Jim Culleny: Did Marx have it right?
In an example of how things can turn — not on a dime maybe, but on a kopek or a dollar— it could be Karl Marx was right after all.
Marx’s assessment of capitalism’s tendency to inevitably suck the marrow of the masses, might be turning out just as he predicted. If your patriot heart recoils at this, think “austerity” for the masses congruent with a metastasizing wealthy elite — a brood growing fewer and fatter.
Wall Street has gloated over the demise of communism because it left the planet wide open to capitalism’s financial strip-mining — wide open to the same rapaciousness found in communist corruption — as if capitalist corruption was part of God’s plan.
But if God is in his heaven flushed with pride at the likes of Sheldon Adelson or the Koch brothers, Lucifer may have had it right. But that’s unlikely. Whatever may be God’s plan, unbridled capitalism is probably not any more a part of it than unbridled communism. Class warfare is class warfare — no matter who’s lobbing mortars.
So why this fresh assessment of Marx?
“With the global economy in a protracted crisis and workers around the world burdened by joblessness, debt and stagnant incomes, Marx’s biting critique of capitalism — that the system is inherently unjust and self-destructive — cannot be so easily dismissed. Marx theorized that the capitalist system would inevitably impoverish the masses as the world’s wealth became concentrated in the hands of a greedy few,” writes Michael Schumann in Time Magazine
“Accumulation of wealth at one pole is at the same time accumulation of misery, agony of toil, slavery, ignorance, brutality, mental degradation, at the opposite pole,” Marx wrote.”
The tactics of the rich and their mouthpieces is insidious. It would not be a stretch to imagine an apparent sociopath like Sen. Ted Cruz, R-Texas, turning over his own mother to the Koch Machine to be waterboarded until she confessed where she hid her last Social Security check so it could be turned over to Goldman Sachs to be voucherized (at a fraction of its pre-privatization value).
The moral compasses of men like Cruz are tuned always to the magnetism of excess and power. Their smug duplicity is a symptom of their sociopathy.
Take this by Cruz: “(The Democrats’ budget) does nothing to solve the enormous challenges facing Social Security and Medicare. Every one of us would like to see those critical bulwarks of our society strengthened ...”
Is there anyone within broadcast reach of Republicans who believes Cruz really means they’d like to see Social Security strengthened? You’d have to have had your head stuck in Sean Hannity’s think tank for the past 10 years to buy that.
“You only have to look at what conservatives have been saying since these programs were enacted to understand that they do not believe that the government should administer these programs. Ted Cruz has called Social Security a Ponzi scheme. He supports the Ryan dystopian nightmare plan,” writes Digby at Hullabaloo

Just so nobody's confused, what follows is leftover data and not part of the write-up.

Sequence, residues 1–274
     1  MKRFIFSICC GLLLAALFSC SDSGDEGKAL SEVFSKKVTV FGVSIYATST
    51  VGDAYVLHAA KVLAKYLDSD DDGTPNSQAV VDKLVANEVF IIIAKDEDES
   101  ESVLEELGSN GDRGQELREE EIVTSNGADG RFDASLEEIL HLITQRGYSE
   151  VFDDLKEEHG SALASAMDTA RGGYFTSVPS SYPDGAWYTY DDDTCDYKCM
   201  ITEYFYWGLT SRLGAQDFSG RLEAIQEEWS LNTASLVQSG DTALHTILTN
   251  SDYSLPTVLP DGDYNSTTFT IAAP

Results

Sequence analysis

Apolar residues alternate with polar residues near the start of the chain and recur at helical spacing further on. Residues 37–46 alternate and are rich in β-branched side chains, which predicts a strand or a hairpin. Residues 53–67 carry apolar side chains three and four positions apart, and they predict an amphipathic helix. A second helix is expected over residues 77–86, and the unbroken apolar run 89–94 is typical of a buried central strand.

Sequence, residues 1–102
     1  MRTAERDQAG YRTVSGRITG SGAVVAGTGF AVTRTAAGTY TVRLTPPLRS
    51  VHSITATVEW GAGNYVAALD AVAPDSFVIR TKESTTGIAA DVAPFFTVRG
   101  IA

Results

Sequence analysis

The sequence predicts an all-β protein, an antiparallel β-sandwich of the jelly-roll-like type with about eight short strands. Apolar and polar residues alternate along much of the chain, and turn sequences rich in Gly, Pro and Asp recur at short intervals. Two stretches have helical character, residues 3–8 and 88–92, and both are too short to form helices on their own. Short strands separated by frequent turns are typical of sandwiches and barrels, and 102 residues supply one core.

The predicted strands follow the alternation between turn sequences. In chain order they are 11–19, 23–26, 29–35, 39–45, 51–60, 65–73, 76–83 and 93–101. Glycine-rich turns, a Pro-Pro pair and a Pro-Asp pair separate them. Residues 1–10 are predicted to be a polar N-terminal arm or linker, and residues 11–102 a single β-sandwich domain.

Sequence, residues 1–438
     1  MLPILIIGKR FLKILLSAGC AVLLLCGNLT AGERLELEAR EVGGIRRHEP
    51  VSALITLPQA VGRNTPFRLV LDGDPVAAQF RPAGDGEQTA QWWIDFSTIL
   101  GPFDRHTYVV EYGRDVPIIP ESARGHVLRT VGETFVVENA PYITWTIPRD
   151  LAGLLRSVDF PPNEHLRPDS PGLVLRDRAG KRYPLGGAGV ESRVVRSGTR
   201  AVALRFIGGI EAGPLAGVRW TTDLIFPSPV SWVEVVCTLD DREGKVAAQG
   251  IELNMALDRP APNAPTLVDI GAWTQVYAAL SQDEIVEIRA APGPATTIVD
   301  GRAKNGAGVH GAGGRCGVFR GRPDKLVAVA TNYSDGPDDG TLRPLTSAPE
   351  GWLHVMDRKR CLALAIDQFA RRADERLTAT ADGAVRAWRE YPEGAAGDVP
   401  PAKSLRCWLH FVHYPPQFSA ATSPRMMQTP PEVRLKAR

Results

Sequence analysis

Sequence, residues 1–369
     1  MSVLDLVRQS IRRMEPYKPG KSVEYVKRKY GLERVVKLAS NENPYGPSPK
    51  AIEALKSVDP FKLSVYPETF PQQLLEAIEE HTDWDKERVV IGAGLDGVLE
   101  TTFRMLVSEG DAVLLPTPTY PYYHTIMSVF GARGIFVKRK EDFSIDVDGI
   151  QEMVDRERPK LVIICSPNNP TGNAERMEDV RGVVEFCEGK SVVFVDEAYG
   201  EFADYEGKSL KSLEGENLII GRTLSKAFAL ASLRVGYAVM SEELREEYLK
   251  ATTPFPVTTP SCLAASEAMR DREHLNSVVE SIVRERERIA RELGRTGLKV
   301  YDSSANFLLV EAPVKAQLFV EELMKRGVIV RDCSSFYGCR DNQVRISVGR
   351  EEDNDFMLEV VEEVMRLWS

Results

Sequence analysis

I’d rather dine with an honest small-time crook than sit elbow-to-elbow with Cruz.
Cruz and those who share his values would prefer to have unregulated capitalism permanently established as the final solution — the most effective way to strip the nation and the planet naked in order to line their closets with thousand-dollar suits.
The flip side of Marx’s “dictatorship of the proletariat,” I’d argue, is the “hegemony of the loot n’carryit” — looters of the commonwealth who hoard wealth, sending it to the Cayman Islands to keep it from governments of common people who might use it to revitalize infrastructures, improve public education or to provide the means to keep most of the world population out of gutters, jail or homeless shelters.
It’s a mean morality that elevates acquisitiveness to a fundamental virtue.
Poet Dante Alighieri introduces us to the avaricious in his “Divine Comedy.” They toil in hell’s fourth circle eternally pushing boulders in the same way their hoarding while alive left the rest of the world’s population to struggle under the daily weight of their poverty:
“The goods committed into fortune’s hands,
For which the human race keeps such a heap!
Not all the gold, that is beneath the moon,
Or ever hath been, of these toil-worn souls
Might purchase rest for one.”
But poets can throw out cautionary tales until the sacred cows come home without making a dent in the gold-plated skulls of bankers or the buck-bound heads of corporations.
Again from Shumann, “… the consequence of widening inequality is what Marx predicted: class struggle is back. The working class is growing angrier and demanding their fair share of the global economy. From the floor of the U.S. Congress to the streets of Athens to the assembly lines of southern China, events are being shaped by escalating tensions between capital and labor to a degree unseen since the communist revolutions of the 20th century.”
Culleny lives in Shelburne Falls, works in construction, is a singer/songwriter, and has done commentary for National Public Radio. His email address is firstname.lastname@example.org.